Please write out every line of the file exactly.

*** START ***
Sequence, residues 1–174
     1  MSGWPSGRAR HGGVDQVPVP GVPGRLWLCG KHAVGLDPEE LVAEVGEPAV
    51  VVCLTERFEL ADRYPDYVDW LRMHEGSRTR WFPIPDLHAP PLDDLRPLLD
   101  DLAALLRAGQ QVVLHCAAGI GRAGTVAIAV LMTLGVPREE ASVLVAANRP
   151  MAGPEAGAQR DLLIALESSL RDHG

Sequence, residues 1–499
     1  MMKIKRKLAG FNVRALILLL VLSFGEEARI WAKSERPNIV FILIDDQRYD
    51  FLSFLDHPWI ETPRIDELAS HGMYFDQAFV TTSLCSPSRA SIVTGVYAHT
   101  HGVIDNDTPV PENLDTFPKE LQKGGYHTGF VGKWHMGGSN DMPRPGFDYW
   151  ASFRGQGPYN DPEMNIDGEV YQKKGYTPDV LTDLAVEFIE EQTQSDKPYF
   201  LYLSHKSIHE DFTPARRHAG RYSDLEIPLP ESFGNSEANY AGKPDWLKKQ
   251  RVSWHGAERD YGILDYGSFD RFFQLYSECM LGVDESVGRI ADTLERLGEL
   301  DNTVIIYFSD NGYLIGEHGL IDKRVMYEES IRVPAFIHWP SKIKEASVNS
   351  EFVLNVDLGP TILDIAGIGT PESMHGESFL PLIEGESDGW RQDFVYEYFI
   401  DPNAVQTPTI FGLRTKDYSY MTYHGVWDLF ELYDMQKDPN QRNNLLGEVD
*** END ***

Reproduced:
Sequence, residues 1–174
     1  MSGWPSGRAR HGGVDQVPVP GVPGRLWLCG KHAVGLDPEE LVAEVGEPAV
    51  VVCLTERFEL ADRYPDYVDW LRMHEGSRTR WFPIPDLHAP PLDDLRPLLD
   101  DLAALLRAGQ QVVLHCAAGI GRAGTVAIAV LMTLGVPREE ASVLVAANRP
   151  MAGPEAGAQR DLLIALESSL RDHG

Sequence, residues 1–499
     1  MMKIKRKLAG FNVRALILLL VLSFGEEARI WAKSERPNIV FILIDDQRYD
    51  FLSFLDHPWI ETPRIDELAS HGMYFDQAFV TTSLCSPSRA SIVTGVYAHT
   101  HGVIDNDTPV PENLDTFPKE LQKGGYHTGF VGKWHMGGSN DMPRPGFDYW
   151  ASFRGQGPYN DPEMNIDGEV YQKKGYTPDV LTDLAVEFIE EQTQSDKPYF
   201  LYLSHKSIHE DFTPARRHAG RYSDLEIPLP ESFGNSEANY AGKPDWLKKQ
   251  RVSWHGAERD YGILDYGSFD RFFQLYSECM LGVDESVGRI ADTLERLGEL
   301  DNTVIIYFSD NGYLIGEHGL IDKRVMYEES IRVPAFIHWP SKIKEASVNS
   351  EFVLNVDLGP TILDIAGIGT PESMHGESFL PLIEGESDGW RQDFVYEYFI
   401  DPNAVQTPTI FGLRTKDYSY MTYHGVWDLF ELYDMQKDPN QRNNLLGEVD